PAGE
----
Right now, I have access to only one thorough, scholarly Bible commentary series: the Word Biblical Commentary, published by Thomas Nelson. I love these commentaries, but unfortunately, several volumes are still in the process of being written – including the volumes on Acts. With these chapters, Acts 6-7, I really missed that kind of commentary. I’ve scoured the internet for the free resources available there – with some success – but I miss the even-handed presentation of multiple points of view that have been presented by different scholars.
The reason I particularly could use a Bible commentary for these chapters is that Stephen’s address, which takes up all of chapter 7, is a little puzzling to me. On reading and re-reading it, I think I’ve started to understand it more; and reading the various free commentaries online has helped a bit; but I want to know what the various theories are on why he goes into the details he does about Israel’s history.
For myself, the best key for unlocking these chapters a bit was to re-read them in light of Stephen’s final denunciation: that the Jewish people had killed Jesus, just as their fathers had killed the prophets, and that in some sense they were fulfilling the sins of their fathers – and that Jesus was fulfilling the role of Prophet, foreshadowed by all the prophets before Him. It calls to mind many of Jesus’s statements, but especially the parable of the wicked vinedressers (Matthew 21:33-46), who killed all the master’s messengers, until finally they killed the master’s own son. There, Jesus is shown to be the fulfillment of the prophecy, “The stone which the builders rejected has become the chief cornerstone; this was the Lord’s doing, and marvelous in our eyes.” (Psalm 118:22, 23).
Seeing Jesus as the ultimate prophet – as the prophet – helps see some of the purpose in Stephen’s Israel narrative. In Moses, we are to see a type of Christ. Beyond that, even, Stephen suggests (without stating it explicitly here), that Jesus is the true Law and the true tabernacle. And it’s these two areas – the temple and Moses / the law – in which Stephen had been accused of blasphemy; his accusers said, “This man does not cease to speak blasphemous words against this holy place and the law; for we have heard him say that this Jesus of Nazareth will destroy this place and change the customs which Moses delivered to us.” Stephen’s speech shows that rather than destroying those things, Jesus came to fulfill them.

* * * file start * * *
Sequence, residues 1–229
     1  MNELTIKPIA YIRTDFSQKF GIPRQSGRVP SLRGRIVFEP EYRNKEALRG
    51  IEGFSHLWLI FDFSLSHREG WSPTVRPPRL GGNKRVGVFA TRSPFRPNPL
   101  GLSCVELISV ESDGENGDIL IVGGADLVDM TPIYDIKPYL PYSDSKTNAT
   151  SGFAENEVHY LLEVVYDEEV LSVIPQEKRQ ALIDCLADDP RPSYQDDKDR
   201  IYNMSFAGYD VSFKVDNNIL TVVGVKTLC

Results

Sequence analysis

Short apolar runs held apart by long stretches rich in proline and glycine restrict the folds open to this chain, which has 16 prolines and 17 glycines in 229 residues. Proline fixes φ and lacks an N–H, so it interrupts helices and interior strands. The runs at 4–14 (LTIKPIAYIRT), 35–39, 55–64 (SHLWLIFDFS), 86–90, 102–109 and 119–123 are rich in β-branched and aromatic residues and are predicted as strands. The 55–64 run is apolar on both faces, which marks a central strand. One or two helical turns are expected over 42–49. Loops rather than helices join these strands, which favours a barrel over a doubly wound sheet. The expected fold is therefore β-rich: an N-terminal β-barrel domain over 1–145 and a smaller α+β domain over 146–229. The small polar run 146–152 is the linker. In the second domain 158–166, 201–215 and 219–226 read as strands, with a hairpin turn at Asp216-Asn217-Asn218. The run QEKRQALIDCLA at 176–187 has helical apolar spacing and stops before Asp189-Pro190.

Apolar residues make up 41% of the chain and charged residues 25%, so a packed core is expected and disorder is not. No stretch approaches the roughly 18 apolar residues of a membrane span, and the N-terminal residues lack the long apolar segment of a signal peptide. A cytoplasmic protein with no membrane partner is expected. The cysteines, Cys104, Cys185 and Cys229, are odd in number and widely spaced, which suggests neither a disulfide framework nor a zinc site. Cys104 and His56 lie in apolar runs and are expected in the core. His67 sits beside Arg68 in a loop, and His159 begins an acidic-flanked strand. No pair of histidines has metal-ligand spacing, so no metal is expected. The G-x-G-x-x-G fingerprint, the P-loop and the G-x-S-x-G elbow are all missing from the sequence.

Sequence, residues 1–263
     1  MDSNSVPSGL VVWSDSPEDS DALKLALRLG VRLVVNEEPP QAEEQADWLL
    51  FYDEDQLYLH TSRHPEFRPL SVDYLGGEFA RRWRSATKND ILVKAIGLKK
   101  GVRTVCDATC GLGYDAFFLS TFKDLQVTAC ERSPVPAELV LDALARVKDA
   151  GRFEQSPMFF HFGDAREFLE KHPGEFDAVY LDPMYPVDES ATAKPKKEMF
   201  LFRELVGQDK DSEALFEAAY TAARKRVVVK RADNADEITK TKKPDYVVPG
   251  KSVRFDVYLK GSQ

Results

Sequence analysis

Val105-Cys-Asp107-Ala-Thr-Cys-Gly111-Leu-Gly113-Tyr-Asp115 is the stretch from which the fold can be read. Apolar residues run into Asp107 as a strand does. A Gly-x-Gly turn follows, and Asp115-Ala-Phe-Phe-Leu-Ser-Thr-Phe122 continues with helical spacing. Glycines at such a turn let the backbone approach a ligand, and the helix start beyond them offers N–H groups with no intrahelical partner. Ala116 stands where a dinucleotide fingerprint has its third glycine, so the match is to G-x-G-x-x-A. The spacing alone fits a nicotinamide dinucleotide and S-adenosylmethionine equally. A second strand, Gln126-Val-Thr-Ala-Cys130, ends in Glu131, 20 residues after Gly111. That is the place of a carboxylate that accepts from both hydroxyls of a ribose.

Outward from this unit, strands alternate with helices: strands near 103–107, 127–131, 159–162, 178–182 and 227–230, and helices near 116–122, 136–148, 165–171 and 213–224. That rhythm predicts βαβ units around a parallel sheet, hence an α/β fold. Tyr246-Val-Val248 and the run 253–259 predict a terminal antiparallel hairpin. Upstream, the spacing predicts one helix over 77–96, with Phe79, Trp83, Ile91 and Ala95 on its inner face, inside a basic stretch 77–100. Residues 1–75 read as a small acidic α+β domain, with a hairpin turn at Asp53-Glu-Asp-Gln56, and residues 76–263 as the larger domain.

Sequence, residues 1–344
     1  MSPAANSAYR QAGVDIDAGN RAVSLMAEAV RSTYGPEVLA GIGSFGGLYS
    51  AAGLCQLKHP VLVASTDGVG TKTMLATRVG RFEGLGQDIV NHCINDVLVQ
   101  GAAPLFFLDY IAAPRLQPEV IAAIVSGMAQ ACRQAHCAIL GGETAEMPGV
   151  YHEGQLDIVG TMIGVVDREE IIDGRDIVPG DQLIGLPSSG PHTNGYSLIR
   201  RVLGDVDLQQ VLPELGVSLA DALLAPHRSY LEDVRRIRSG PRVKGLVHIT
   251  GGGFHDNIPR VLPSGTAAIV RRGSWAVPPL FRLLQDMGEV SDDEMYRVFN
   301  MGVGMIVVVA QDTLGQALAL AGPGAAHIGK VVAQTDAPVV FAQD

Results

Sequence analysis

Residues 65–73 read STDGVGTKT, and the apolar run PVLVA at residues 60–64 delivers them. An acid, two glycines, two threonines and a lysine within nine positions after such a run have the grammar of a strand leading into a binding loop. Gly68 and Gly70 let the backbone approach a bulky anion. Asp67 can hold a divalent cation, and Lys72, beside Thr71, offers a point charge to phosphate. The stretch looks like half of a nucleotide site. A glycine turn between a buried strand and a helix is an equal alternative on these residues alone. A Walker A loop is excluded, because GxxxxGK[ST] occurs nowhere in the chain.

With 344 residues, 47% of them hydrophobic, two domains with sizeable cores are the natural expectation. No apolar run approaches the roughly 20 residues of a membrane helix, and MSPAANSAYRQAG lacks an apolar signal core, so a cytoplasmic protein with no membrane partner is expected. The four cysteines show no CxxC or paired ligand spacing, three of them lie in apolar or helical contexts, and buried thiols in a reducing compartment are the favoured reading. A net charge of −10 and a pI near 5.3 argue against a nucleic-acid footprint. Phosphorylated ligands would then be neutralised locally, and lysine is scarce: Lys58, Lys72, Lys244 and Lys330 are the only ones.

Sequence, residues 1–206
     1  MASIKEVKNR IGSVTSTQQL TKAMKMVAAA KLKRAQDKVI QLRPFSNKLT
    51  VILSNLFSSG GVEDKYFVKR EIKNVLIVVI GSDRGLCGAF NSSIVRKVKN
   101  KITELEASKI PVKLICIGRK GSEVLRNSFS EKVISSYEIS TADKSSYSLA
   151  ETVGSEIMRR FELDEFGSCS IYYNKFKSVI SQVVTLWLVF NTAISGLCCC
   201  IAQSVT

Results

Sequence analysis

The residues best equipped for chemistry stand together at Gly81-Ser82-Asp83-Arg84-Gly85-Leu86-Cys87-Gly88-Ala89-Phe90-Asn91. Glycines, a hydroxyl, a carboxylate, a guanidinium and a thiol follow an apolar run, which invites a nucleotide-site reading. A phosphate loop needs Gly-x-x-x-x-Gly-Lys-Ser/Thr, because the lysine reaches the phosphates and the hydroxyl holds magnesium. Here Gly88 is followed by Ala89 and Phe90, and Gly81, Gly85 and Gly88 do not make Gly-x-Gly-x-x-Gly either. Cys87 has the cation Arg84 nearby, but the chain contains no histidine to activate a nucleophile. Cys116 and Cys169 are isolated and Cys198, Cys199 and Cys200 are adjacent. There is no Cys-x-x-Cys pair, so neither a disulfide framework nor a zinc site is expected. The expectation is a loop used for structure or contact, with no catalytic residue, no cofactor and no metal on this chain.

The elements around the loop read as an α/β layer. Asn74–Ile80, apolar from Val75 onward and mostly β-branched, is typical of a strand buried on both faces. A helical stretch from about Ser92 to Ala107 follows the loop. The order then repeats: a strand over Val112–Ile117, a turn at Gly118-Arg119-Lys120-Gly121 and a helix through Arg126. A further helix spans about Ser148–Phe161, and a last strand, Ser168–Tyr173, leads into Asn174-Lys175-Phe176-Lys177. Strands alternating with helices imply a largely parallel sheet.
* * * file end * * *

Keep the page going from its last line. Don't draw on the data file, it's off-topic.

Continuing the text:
Stephen emphasizes the fact that Moses was sent to save God’s people, but they would not listen to him. It’s possible that at first his listeners wouldn’t have realized the parallels between Moses and Jesus that Stephen was illustrating in passages like 7:25 (“For he supposed that his brethren would have understood that God would deliver them by his hand, but they did not understand”) and 7:35 (“This Moses whom they rejected, saying, ‘Who made you a ruler and a judge?’ is the one God sent to be a ruler and a deliverer by the hand of the Angel who appeared to him in the bush.”); but he explicitly draws the parallel in Acts 7:37 (“This is that Moses who said to the children of Israel, ‘The Lord your God will raise up for you a Prophet like me from your brethren. Him you shall hear.'”), and his point becomes clearer: the people of Israel have always had a tendency to reject Moses, and those who followed Jesus were actually respecting Moses more than those who rejected him. Those who rejected Jesus were taking the part of their fathers who had killed the prophets, whereas those who followed Jesus were following the true Moses, and the One whom Moses had foretold.
One thing I’m curious about here is whether the audience would have been familiar with the idea of Jesus as the true tabernacle / temple (a connection Jesus Himself made, as in John 2:19). I’d expect some appeal to this, but Stephen’s quote of Isaiah seems ambiguous – it makes it clear that no one but God can build a house for Himself, but it doesn’t explicitly present Jesus as that true home of God, made by Divine hands. Whether or not his opponents understood this, though, Stephen himself and the Lord’s disciples almost certainly did have this idea of Jesus as the true temple.
There’s a suggestion in this that asks for deeper exploration – a deeper exploration that Christians over the years have taken on. If Moses saw the heavenly tabernacle, and Jesus, who is God in human form, is that heavenly tabernacle – then how are all the details of the tabernacle an image of Jesus? The epistle to the Hebrews begins to address this, and confirms that the things of the law – including the plan of the tabernacle – are “the copy and shadow of heavenly things” (Hebrews 8:5). That idea of reading the Old Testament as a “copy and shadow” of Christ has always been a part of the Christian tradition (see the Wikipedia article on typology) but to my knowledge, the works of Emanuel Swedenborg take this on with much greater depth, detail, and consistency than any other works. Swedenborg claimed that God revealed the internal sense of the Word to him. I believe he’s telling the truth, and I believe his works were inspired by God, and part of that is that from those works I see heavenly things within the earthly things of the Word, in a way that nothing else has enabled me to see it. Besides that, he rarely rests his case on authority alone, usually backing up every assertion about the spiritual sense with copious quotations from Scripture. In any case, even if there’s dispute about whether Swedenborg was right about what that heavenly meaning in the Old Testament is, passages like the ones quoted above make it clear that there is a heavenly reality there that’s worth looking for.